‘Transforming Care of Older People in Ireland’ Conference 2015
The National Clinical Programme for Older People held its first conference ‘Transforming Care of Older People in Ireland’ on 26thMay 2015 in the Royal College of Physician of Ireland, No 6 Kildare Street with an audience of over 200 delegates.
Minister Kathleen Lynch opened the conference and praised the work of the programme. Her overriding message to those working with older people was to listen to them and to be mindful of their vulnerability, especially as hospitals can be intimidating places. “Despite the time constraints and pressures on our hospital doctors now, it is very important to take the time to explain what is happening, what the process is and why they (the patients) are there.”
The aim of the conference was to bring together all those involved with the National Clinical Programme for Older People and those involved in frontline care of our older population. A comprehensive update was provided by the Clinical Lead of the NCPOP, Dr Diarmuid O’Shea, including achievements of the programme to date and also the ongoing need for change and commitment to further progress.
Dr O’Shea talked about the benefits of focusing on the individual and on the provision of specialist-lead teams to diagnose and decide on timely treatment and appropriate care packages. Such a specialist geriatric model of care (one of the key achievements of the programme to date) can reduce hospital stays and increase the likelihood of the patient being able to return to their own home once they are ready to be discharged.
“Early integration with the National Clinical Care Programme for Acute Medicine helped to highlight the importance of having doctors with a specialist interest in geriatric medicine involved early in the course of an older persons admission to hospital. This helped patients to have timely assessments with senior decision-makers, thus making their pathway through hospital more efficient and hopefully, they will get home and back into their community more quickly.”
Other topics on the agenda highlighted the key areas that need to be addressed in order to reach the goal of a ‘right care, first time’ approach to care of Older People.
Prof David Oliver, Consultant Geriatrician and President, British Geriatrics Society provided the keynote address. His talk ‘Making health and care services fit for an aging population-how we need to change,’ focused on person-centred care and also the importance of community services and homecare supports so that older people can make the transition from hospital back into their community and maintain good health for as long as possible. He said ‘Older People are us’, therefore investing in improved care services for older people now is investing in our own and future generations.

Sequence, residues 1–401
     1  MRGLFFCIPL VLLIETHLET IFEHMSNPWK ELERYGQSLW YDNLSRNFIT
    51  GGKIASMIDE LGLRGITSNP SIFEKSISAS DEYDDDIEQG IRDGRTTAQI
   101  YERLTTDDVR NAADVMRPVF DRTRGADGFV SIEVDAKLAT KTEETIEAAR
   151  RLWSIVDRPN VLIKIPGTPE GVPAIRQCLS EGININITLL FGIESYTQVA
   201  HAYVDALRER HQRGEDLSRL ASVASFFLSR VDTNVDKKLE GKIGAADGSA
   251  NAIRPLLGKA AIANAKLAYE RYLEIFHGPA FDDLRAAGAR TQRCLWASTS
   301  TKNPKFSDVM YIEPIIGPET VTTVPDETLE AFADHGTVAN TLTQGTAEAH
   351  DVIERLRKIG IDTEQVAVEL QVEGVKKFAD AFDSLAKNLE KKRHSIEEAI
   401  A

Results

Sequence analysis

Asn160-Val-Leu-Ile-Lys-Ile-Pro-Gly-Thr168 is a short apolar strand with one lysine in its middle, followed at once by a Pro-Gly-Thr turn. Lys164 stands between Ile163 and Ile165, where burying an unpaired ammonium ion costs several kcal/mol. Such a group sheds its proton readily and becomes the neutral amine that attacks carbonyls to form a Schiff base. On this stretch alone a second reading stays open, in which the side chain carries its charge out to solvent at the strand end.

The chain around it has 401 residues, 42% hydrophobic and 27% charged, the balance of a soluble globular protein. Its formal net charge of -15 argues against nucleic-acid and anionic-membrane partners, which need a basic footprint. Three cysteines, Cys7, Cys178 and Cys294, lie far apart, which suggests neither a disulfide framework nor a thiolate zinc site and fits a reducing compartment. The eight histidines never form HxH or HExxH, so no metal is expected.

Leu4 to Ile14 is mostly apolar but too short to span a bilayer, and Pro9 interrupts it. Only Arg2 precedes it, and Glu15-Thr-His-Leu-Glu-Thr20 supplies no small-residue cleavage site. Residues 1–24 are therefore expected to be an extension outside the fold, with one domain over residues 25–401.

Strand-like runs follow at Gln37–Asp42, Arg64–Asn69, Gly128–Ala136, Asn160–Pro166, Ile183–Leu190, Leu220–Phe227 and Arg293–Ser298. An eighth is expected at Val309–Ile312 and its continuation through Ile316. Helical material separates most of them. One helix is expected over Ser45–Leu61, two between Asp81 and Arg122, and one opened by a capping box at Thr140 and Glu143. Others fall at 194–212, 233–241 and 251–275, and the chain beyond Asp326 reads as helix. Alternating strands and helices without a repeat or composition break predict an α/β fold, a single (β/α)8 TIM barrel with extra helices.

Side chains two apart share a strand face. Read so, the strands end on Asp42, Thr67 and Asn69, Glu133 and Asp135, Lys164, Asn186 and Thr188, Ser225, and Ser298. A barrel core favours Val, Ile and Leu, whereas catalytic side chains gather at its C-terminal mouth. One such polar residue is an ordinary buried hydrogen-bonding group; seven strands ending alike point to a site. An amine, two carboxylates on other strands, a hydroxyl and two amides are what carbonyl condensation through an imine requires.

Prof Oliver also spoke of the evidence-based benefits of a specialist approach stating that those who are assessed and treated in a specialist unit by a specialist-lead team are more likely to be able to return home and maintain good health.
Dr Emer Shelley spoke to the conference about the rapidly aging demographic in Ireland. Between 2006 and 2011, those in the 65-69 age bracket rose by 21% and those in the 75-79 age group rose by 10% and this growth is ongoing.
One third of the population aged 50-64 are taking 1-2 medications, a statistic which Dr Shelley said is ‘unexpected’ in a relatively young age group and emphasized the need for people to lead more active lives, healthier lifestyles to help fight against chronic diseases such as obesity and heart disease. On a positive note, 75% of those over 50 report excellent/very good/good physical health, according to the TILDA Study. However, the level of chronic disease
Dr Shaun O’Keeffe discussed the importance of identifying frailty in the older person. Frailty is often difficult to identify and can also mask other underlying, more serious conditions. Some of the conditions which are usually present are weakness, slow walking or movement and exhaustion. Conditions such as delirium, immobility and/or dementia may also exist. It’s identification and understanding can predict poor outcomes and help to decide on the right care for the patient.
Dr Áine Carroll, National Director for Clinical Strategy and Programmes, HSE closed the conference, paying tribute to those pioneering for changes that the programme has brought so far and urging people to continue the good work as there is still a way to go to get where we need to be in terms of caring for our older people.